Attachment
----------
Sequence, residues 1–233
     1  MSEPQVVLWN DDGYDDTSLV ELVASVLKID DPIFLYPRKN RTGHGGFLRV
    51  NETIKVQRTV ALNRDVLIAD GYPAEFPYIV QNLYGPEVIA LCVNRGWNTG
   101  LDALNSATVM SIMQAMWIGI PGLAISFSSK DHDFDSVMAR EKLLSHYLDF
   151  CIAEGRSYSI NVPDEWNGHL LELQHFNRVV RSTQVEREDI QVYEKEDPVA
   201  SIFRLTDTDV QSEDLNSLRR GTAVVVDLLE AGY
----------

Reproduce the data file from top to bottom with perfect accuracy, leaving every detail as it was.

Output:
Sequence, residues 1–233
     1  MSEPQVVLWN DDGYDDTSLV ELVASVLKID DPIFLYPRKN RTGHGGFLRV
    51  NETIKVQRTV ALNRDVLIAD GYPAEFPYIV QNLYGPEVIA LCVNRGWNTG
   101  LDALNSATVM SIMQAMWIGI PGLAISFSSK DHDFDSVMAR EKLLSHYLDF
   151  CIAEGRSYSI NVPDEWNGHL LELQHFNRVV RSTQVEREDI QVYEKEDPVA
   201  SIFRLTDTDV QSEDLNSLRR GTAVVVDLLE AGY